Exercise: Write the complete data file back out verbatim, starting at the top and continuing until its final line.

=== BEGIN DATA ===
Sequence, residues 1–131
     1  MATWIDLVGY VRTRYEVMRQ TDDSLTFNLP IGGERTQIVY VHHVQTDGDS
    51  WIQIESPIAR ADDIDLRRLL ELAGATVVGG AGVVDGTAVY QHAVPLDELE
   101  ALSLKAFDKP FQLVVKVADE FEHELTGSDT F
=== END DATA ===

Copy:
Sequence, residues 1–131
     1  MATWIDLVGY VRTRYEVMRQ TDDSLTFNLP IGGERTQIVY VHHVQTDGDS
    51  WIQIESPIAR ADDIDLRRLL ELAGATVVGG AGVVDGTAVY QHAVPLDELE
   101  ALSLKAFDKP FQLVVKVADE FEHELTGSDT F